The Ins and Outs of Realized vs. Recognized Gains

May 16, 20237 min read
The Ins and Outs of Realized vs. Recognized Gains
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Key Takeaways

  • A realized gain occurs when an asset is sold at a price higher than the initial purchase price, also known as its book value.
  • The tax treatment of a recognized gain depends on factors such as the amount of the gain, and the tax rate and year.
  • The chief difference between realized and recognized gains is that recognized gain is typically the taxable part of a realized gain.

There are many terms with which potential and new investors should become familiar. Key among them are the financial concepts “realized gains” and “recognized gains.” After all, these types of capital gains, while similar, have distinct differences that can, among other things, inform investment strategies. With that said, here are the ins and outs of realized versus recognized gains.

Realized, Recognized, and Unrealized Gains Defined

Realized Gain

Essentially, a realized gain occurs when an asset is sold at a price higher than the initial purchase price, also known as its book value. It is the total value of one’s profit minus any 

For example, say an investor buys several shares of stock for $1,000. He then sells the shares for $1,200. This investor’s realized gain is $200 – the difference between the stock’s purchase price and the stock’s sale price.

Recognized Gain

A recognized gain is generally the amount of a realized gain that is taxable. For example, perhaps an investor has a realized gain of $975,000 but uses a partial 1031 exchange to defer an $800,000 portion of the gain. The $175,000 difference would be a recognized gain on which capital gains taxes must be paid in the year of the sale.

The tax treatment of a recognized gain depends on factors such as the amount of the gain, and the tax rate and year.

Unrealized Gain

Unrealized gain refers to an increase in an asset’s value that has yet to be sold for cash. The gain is deemed unrealized because it exists solely on paper. An example would be if an investor bought 100 shares for $10 each and the price-per-share increased to $15, the unrealized gain would be $500 (100 x $5 profit).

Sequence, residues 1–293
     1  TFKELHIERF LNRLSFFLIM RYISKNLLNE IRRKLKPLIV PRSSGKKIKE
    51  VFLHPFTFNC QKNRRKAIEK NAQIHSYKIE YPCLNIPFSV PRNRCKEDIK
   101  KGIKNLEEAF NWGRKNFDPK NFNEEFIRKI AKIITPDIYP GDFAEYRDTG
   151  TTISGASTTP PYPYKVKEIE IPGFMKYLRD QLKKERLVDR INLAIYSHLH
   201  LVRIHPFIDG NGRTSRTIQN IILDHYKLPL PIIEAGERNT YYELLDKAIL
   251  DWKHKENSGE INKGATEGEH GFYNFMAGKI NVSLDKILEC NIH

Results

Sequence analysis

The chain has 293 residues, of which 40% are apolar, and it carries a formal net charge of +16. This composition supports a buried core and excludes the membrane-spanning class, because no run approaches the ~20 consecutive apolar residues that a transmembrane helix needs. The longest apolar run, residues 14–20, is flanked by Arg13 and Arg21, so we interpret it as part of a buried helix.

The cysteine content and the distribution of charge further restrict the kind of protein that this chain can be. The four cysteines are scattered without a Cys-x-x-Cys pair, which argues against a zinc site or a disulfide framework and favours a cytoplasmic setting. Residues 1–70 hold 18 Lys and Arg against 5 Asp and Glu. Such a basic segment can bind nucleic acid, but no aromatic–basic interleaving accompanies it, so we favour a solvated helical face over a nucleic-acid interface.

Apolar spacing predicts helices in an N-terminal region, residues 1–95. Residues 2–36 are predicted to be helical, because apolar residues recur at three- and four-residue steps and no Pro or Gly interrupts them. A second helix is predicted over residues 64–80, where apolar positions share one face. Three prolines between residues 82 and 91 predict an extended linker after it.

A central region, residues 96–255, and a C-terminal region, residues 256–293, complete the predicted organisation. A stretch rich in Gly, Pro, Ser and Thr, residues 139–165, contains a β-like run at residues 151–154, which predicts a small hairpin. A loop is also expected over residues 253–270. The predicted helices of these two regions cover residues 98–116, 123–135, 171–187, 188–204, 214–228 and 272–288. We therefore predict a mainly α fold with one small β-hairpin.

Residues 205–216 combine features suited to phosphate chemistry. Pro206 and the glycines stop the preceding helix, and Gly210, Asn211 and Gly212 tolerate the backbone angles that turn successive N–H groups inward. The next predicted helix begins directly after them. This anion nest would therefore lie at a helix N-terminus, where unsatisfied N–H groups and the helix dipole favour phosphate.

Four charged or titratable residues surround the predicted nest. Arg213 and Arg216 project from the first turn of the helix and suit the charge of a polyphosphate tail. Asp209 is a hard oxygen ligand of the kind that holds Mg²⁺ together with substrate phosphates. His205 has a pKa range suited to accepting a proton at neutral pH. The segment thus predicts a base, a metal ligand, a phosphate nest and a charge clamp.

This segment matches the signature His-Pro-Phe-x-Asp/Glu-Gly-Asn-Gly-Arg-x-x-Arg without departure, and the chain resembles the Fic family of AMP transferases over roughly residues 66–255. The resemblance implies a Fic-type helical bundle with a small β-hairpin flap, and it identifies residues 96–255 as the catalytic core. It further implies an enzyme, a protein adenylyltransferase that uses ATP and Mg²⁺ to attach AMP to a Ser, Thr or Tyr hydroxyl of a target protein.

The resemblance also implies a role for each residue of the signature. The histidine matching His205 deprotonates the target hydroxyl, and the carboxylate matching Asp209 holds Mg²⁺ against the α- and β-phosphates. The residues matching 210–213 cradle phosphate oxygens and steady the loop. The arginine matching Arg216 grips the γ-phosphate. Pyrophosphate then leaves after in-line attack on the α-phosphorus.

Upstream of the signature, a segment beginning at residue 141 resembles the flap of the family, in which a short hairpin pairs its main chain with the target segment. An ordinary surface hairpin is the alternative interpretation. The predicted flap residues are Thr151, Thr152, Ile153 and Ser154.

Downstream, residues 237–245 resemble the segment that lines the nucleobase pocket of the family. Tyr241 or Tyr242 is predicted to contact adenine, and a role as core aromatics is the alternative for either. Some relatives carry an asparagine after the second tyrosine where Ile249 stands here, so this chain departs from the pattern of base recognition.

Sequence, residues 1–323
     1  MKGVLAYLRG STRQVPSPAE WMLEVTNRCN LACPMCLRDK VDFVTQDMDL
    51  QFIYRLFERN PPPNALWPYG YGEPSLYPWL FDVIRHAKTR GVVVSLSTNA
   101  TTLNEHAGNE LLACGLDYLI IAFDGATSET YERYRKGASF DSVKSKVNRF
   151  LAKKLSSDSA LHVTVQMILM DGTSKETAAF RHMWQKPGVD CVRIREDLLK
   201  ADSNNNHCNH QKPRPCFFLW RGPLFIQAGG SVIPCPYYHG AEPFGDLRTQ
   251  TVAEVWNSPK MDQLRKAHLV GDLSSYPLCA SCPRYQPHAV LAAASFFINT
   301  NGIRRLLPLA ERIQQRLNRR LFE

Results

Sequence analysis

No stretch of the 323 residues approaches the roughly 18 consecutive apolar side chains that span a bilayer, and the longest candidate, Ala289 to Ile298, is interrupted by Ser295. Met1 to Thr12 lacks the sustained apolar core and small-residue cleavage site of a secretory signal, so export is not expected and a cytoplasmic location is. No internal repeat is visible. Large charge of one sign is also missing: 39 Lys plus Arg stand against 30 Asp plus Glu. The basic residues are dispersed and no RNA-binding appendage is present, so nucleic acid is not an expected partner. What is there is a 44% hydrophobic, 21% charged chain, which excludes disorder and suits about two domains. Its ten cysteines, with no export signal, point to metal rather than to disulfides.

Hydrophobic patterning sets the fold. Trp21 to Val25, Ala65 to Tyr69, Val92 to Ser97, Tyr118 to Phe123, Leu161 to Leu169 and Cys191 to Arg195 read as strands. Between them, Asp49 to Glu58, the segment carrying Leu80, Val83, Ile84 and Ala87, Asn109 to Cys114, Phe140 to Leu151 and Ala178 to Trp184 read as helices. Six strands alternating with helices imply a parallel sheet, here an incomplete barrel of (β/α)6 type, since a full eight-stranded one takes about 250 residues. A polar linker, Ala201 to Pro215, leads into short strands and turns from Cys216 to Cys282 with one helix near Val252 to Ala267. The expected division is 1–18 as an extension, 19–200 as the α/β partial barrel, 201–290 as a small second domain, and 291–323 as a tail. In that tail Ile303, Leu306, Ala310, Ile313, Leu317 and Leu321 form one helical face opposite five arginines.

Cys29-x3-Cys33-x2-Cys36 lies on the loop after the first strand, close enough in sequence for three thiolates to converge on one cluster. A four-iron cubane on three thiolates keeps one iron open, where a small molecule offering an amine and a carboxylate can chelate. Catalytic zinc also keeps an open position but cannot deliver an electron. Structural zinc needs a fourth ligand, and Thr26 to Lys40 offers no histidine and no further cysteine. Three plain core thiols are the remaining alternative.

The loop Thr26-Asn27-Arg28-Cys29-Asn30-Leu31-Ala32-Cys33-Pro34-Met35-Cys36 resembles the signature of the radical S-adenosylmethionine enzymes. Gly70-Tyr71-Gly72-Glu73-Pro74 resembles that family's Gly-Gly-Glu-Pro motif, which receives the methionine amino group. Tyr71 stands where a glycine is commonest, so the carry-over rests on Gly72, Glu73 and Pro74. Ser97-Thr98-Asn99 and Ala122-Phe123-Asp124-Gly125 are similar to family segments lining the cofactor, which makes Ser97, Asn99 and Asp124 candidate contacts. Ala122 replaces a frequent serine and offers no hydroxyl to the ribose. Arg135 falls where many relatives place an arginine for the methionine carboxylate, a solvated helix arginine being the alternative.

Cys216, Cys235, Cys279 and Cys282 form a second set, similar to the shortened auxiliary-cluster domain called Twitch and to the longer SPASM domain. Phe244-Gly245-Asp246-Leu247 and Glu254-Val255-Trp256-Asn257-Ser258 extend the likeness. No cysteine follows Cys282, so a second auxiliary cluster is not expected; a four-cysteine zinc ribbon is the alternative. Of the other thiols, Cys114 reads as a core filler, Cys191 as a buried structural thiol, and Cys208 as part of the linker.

Realized vs. Recognized Gain

Not knowing the difference between realized gain and recognized gain can significantly affect one’s bottom line. 

The two are similar in that they both have to do with how much gain an investor makes from selling a stock share or other asset – they are both types of capital gains. The chief difference is that recognized gain is typically the taxable part of a realized gain. There are other differences as well:

  • How they are calculated. Calculating recognized gain calls for subtracting the initial cost from the asset’s selling price. Realized gain, however, is the total profit value after subtracting any associated costs, and the initial cost from the profit made from the sale.
  • Taxable values. There are differences here, too, depending on asset types, costs, and IRS regulations, if companies are involved. Examples of recognized gains companies are at times able to exclude from taxable assets include real estate and interest, because those fall under IRS guidelines. With realized gains, costs associated with an asset’s sale may be tax deductible.
  • Profit values. Note that businesses do not account for costs and expenses associated with earnings from selling assets with recognized gains, rendering the recognized gain earned from selling an asset its revenue – not total profit. On the other hand, with a realized gain, the profit is the value after subtracting taxes and fees and the like. 

Realized and Recognized Gains Examples

Realized Gains

Say a club purchases 100 stock shares on Jan. 2 for $1,000 in addition to a $35 commission. So, the cost basis is $1,035. The following day, the treasurer sells the shares for $12 each and makes $35 on the sale for a realized gain of $135.

In another example, Jon bought a wrecked Ferrari GT in California 62 years ago for $90,000 and invested $350,000 to refurbish the vehicle to stock condition, Another $60,000 went to environmental clearance and vehicle documentation, bringing the investment to $500,000. Jon then got offers for the overhauled car starting at $2 million. He ultimately sold the Ferrari to Thomas for $2.5 million, realizing a gain of $2 million.

Recognized Gains   

If one purchases a house from $500,000 and a year later sells it for $600,000, the recognized gain comes to $100,000. Such a recognized gain will likely be eligible for capital gains treatment, markedly reducing the income tax rate paid.

In another example, say a share of stock has a basis of $25 and it is sold for $35, the recognized gain is $10. The sale of securities is commonly subject to capital gains taxes.

The Tax Implications of Realized and Recognized Gain

Realized long-term capital gains – gains on investments owned for longer than a year, are subject to a 0%, 15%, or 20% tax rate, depending on one’s tax bracket.

On the other hand, a recognized gain’s taxable value is generally the difference between the basis and the sale price. There are times when recognized gains may not be taxable – or are deferred – if a company does not recognize gains at sale time.